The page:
Black Diamond saw profits and margins dive further in the second quarter, as the company faced foreign exchange challenges and higher manufacturing costs. The American maker of climbing gear and apparel posted revenues from continuing operations down by 3.0 percent over the year-ago quarter to $29.1 million. Excluding the impact of currency fluctuations, sales were up slightly to $30.2 million. This came after a difficult first quarter, when sales fell by 9.0 percent to $38.2 million and the gross margin dipped by 6.7 percentage points.

The company said that despite record factory output levels in May and June, the manufacturing activities that were repatriated from China back to Salt Lake City continued to operate at higher costs, further impacting gross margin. Black Diamond has since taken new steps to improve, manage and measure factory efficiencies, as indicated further down in this article.

Despite these issues, Black Diamond said that the quarter saw continued growth in North America, with revenues gaining 4.1 percent to $36.3 million. This was driven by increased sales in the climbing and mountain categories. Trekking and lighting products gained market share, according to the management.

Sales abroad dropped by 16.2 percent to $31.1 million. In Europe, foreign currency exchange rates had a negative impact of approximately 9.0 percentage points on the business. Company officials say that BD is enjoying particularly strong growth in the Nordic countries and the U.K., however.

The company soft-launched e-commerce in Europe to test demand and expects to launch a comprehensive direct-to-consumer strategy in the region in the near future.

The management said that the early signs of stabilization seen during the last quarter in its independent global distributor business, which includes large markets in Asia, continued through the second quarter. It mentioned low double-digit growth in sales to foreign distributors, particularly in South Korea and Japan, after a long period of consolidation in the industry.

The gross margin tumbled by 6.4 percentage points to 28.6 percent, partly due to a headwind of 2.5 percentage points from foreign currencies. Excluding the impact of foreign exchange, the gross margin was 31.1 percent. The margin was also negatively impacted by an unfavorable mix of lower margin products, on top of higher manufacturing costs.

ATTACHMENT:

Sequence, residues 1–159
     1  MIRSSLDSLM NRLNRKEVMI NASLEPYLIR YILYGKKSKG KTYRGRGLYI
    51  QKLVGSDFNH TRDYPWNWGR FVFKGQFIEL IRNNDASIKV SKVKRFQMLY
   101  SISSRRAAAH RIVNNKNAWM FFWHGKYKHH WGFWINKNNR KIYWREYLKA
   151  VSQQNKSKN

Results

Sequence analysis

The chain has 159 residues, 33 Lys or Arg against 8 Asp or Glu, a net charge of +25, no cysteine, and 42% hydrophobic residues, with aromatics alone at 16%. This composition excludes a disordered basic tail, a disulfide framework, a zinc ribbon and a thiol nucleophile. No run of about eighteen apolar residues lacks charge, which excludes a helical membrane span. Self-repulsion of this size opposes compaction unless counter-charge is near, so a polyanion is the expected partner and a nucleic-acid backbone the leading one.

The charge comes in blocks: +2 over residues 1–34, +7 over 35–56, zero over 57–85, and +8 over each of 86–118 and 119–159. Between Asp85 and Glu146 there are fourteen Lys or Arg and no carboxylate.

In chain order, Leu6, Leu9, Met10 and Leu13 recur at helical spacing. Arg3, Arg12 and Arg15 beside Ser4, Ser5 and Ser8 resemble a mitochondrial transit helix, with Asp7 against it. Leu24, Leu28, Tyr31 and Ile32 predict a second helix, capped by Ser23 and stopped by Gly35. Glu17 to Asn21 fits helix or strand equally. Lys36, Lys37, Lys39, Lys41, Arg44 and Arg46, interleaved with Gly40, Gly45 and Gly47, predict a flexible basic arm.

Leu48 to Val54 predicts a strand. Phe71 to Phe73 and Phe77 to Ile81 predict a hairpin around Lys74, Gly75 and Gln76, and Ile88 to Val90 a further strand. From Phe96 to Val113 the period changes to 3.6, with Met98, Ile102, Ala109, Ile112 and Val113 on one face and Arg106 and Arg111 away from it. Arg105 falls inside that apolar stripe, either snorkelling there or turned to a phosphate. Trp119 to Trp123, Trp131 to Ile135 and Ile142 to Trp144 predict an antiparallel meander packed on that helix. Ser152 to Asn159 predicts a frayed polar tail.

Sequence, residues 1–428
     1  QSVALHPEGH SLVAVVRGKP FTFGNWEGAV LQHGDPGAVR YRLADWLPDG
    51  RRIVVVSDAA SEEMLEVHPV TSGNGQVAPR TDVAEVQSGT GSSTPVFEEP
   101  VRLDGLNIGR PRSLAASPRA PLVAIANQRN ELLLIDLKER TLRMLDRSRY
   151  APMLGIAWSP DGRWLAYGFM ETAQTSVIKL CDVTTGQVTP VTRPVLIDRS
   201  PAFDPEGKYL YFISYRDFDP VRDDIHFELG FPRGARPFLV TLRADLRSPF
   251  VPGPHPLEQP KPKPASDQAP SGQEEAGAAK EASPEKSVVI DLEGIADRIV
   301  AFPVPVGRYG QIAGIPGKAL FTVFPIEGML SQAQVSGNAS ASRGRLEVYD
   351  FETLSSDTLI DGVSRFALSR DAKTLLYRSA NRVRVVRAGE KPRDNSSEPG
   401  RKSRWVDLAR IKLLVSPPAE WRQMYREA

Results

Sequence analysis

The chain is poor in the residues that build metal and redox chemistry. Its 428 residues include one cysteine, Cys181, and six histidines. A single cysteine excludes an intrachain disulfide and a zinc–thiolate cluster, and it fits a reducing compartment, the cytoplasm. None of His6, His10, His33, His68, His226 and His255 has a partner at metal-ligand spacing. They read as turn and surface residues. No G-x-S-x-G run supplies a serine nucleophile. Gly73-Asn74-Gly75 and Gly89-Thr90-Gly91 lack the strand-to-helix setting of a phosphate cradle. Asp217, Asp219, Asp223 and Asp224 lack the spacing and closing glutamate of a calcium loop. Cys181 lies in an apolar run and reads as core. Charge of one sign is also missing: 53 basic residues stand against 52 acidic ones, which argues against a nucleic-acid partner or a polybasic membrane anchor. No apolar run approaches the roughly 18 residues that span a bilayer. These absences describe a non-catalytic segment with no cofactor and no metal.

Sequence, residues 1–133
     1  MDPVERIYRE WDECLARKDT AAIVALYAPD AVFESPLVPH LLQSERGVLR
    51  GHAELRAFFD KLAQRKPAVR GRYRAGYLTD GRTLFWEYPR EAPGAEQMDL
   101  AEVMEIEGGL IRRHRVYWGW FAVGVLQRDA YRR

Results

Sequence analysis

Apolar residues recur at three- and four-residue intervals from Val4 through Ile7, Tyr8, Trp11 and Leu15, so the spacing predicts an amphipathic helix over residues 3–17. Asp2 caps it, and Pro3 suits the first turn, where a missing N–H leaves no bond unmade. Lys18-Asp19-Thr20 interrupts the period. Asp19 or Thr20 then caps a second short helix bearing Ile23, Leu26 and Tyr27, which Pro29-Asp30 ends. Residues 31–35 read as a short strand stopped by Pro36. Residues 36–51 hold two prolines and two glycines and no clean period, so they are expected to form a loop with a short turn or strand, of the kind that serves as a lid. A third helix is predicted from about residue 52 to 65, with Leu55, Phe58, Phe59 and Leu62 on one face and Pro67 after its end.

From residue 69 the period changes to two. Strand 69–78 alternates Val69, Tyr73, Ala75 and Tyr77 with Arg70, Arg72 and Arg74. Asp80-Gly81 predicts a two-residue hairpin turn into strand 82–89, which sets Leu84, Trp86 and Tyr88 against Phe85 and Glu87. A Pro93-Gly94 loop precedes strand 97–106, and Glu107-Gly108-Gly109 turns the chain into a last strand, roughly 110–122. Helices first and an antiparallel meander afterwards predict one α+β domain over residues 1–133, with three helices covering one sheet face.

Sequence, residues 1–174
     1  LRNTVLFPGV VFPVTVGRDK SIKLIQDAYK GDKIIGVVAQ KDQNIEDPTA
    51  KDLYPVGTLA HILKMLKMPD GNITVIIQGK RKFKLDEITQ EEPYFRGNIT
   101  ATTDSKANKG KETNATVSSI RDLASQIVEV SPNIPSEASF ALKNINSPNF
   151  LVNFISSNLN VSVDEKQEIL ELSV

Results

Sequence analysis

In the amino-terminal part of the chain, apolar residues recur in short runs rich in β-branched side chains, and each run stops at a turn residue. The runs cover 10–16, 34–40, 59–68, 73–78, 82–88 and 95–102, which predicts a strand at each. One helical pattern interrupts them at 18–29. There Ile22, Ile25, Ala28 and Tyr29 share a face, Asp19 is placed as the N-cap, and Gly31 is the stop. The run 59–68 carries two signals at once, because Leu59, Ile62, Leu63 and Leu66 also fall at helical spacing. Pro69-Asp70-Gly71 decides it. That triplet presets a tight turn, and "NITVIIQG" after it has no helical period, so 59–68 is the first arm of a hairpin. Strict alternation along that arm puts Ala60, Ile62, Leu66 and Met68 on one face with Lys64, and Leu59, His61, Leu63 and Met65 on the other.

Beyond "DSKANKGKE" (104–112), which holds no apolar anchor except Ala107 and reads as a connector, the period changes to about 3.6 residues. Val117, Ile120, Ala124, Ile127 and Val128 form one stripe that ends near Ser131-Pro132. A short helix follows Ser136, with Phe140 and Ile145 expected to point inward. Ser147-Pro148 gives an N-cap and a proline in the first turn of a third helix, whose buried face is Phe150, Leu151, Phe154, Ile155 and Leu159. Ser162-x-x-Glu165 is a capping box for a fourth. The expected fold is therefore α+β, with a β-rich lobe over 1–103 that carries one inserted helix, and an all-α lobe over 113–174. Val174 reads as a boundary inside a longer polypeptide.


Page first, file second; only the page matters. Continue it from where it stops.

The net loss from continuing operations increased by 15.8 percent to $3.2 million. Adjusted operating results before amortization (Ebitda) before cash items showed a loss of $2.3 million, up from a loss of $1.9 million in the year-ago period.

Reaffirming its expectations, Black Diamond said its revenues for the year should be flat or up by 3 percent at the most. As a result of higher manufacturing costs, the gross margin should be approximately 30.0 percent as compared to 34.9 percent in 2015.

The management promises that its manufacturing woes will be fixed by the beginning of next year. Company officials noted that only about 200 of the 1.6 million carabiners shipped and recalled were found defective.

In a move intended to address its manufacturing problems, Black Diamond announced the appointment of Rick Vance as director of quality, overseeing the company's quality policy, control and processes. He come from Petzl America, where he was responsible for quality control and managed the Petzl Technical Institute as its technical director. Prior to that, he worked as a mechanical engineer for the U.S. Naval Surface Warfare Center and as a senior research engineer for the Harold K. Dunn MD Orthopeaedic Research Institute.

The reorganization being undetaken is expected to result in higher gross margins and improved response time.

Meanwhile, the move of the European head office from Switzerland to Austria has already started to pay off in terms of operating costs. The staff has been reduced from 55 to 21 employees with more accountability and greater motivation than before, including five people who previously worked for Burton Snowboards in the same city of Innsbruck. They speak nine languages and come from 13 countries.

A recent important move was the development of a unified price list for the European market. There were previously 17 of them.